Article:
Kaiser Family Foundation Launches Online Tool to Track Medicaid Managed Care

With the share of Medicaid beneficiaries enrolled in managed care past the halfway mark, a new online tool from the Kaiser Family Foundation will help policymakers and researchers track its status in 39 states.

With half the nation’s 67.9 million Medicaid beneficiaries in managed care and that share growing, the Kaiser Family Foundation (KFF) yesterday unveiled an interactive, online tool that lets users evaluate data gathered from the 39 states that enroll clients in managed care.

The Medicaid Managed Care Market Tracker is part of KFF’s State Health Facts data center. A statement from the foundation says it will provide “the latest data on key dimensions of risk-based Medicaid managed care for the 39 states that contract with MCOs—these states are home to more than 90% of all Medicaid beneficiaries.”

Elements on the tracker will include:

  • State-level enrollment and spending figures
  • MCO quality data
  • MCO ownership information, including parent firms
  • Parent firm participation nationwide

KFF’s statement notes that 19 states that account for 45% of Medicaid enrollees publicly report their information, while data from the others will be gathered from multiple secondary sources.

The Kaiser tool comes at a time when states are continuing their march into managed care for Medicaid administration, with extensive use of third-party contractors, despite reports of difficult transitions around the country. Prior to its widely praised launch of its exchange to enroll clients under the Affordable Care Act, Kentucky struggled with a rapid transfer to Medicaid managed care. As is often the case, officials told The American Journal of Managed Care that their hand was forced by a budget crisis.

Since then, Kansas’ experiment with Medicaid managed care has resulted in complaints about slow payments and losses for insurers, while in Ohio, news reports tell of doctors balking at taking new Medicaid patients in managed care, due to problems such as getting diagnostic tests approved.

New Hampshire delayed moving some of its most vulnerable Medicaid clients into managed care indefinitely. And this week in California, advocates braced for the transition of rural, frail elderly Medicaid patients into managed care, after the 2011 transfer of non-rural patients went poorly.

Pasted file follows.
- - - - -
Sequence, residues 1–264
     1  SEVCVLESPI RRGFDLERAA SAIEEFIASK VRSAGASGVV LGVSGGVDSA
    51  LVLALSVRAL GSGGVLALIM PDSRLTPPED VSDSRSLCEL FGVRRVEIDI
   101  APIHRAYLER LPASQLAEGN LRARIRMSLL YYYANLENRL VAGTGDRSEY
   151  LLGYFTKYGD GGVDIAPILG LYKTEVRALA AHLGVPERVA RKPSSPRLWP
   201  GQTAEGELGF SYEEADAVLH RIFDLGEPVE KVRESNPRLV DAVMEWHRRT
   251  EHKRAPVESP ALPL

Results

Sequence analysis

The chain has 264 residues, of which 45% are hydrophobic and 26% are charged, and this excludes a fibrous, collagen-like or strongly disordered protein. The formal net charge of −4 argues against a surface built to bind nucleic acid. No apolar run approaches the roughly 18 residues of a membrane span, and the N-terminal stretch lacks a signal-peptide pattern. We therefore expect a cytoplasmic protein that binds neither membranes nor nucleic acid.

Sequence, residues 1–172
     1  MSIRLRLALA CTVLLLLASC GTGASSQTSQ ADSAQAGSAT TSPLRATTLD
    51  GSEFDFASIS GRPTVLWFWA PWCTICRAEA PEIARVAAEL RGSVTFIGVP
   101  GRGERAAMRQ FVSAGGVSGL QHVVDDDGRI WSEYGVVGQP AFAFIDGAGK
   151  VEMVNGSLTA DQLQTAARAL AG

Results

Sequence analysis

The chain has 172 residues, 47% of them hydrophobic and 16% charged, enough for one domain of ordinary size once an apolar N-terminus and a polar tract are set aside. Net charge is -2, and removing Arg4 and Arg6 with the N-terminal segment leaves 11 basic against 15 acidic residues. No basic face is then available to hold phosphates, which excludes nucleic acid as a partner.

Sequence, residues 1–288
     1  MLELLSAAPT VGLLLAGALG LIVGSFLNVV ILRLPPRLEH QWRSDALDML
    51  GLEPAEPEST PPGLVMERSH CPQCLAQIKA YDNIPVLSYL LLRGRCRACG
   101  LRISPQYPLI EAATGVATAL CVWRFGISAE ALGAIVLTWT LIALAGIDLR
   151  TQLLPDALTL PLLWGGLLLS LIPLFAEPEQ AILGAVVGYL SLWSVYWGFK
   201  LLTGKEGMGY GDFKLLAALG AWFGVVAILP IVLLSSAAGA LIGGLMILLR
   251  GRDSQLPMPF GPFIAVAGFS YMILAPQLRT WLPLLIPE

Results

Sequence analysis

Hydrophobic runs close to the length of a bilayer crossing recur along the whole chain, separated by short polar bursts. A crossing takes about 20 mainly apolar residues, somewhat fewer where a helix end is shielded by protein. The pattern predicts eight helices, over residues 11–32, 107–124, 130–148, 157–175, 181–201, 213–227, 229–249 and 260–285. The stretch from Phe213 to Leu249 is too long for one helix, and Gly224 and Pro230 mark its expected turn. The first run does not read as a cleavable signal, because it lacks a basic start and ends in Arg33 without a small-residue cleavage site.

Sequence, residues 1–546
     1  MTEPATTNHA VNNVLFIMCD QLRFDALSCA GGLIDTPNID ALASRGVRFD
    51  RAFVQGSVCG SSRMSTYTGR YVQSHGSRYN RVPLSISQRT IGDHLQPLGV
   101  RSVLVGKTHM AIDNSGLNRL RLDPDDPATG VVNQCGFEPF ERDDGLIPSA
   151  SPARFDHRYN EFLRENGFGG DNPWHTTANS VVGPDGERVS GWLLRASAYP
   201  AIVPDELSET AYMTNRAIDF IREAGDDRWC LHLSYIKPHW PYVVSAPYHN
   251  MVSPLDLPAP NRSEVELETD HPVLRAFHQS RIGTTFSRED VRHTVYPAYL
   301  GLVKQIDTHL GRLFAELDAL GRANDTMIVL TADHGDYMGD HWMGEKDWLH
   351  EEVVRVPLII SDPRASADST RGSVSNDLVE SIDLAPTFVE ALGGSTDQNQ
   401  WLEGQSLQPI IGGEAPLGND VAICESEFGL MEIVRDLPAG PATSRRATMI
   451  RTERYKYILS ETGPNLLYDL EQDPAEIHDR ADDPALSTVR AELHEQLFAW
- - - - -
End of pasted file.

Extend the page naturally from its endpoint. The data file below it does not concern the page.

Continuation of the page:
Yet KFF’s earlier survey of Medicaid directors found that most states plan to expand managed care in the program to hold down costs. Thus, the KFF tool will help researchers and policymakers track how well MCOs are performing in individual locations and nationally.

Along with the tracker, KFF this week also released a report on the state of Medicaid managed care by Julia Paradise, associate director of the foundation’s Commission on Medicaid and the Uninsured. Her report contains many state-by-state on MCO spending, penetration by several well-known national insurers into the Medicaid managed care market, and the prospects for expansion in 2015.

For example, while Medicaid managed care exists in 39 states, market penetration varies. In 2013, 5 states—Arizona, New Mexico, Tennessee, Delaware and Hawaii—covered 60% of the beneficiaries; 9 states covered 35% to 59% of their beneficiaries with MCOs, and the remaining 25 states covered less than 35% of beneficiaries through managed care.

According to Paradise’s report, 5 firms have a large geographic presence nationally: UnitedHealth is in 20, WellPoint, 17; Centene, 15; Aetna 11; and Molina, 11.

Paradise will host a webinar on how to use the KFF online tool on December 11, according to the statement.

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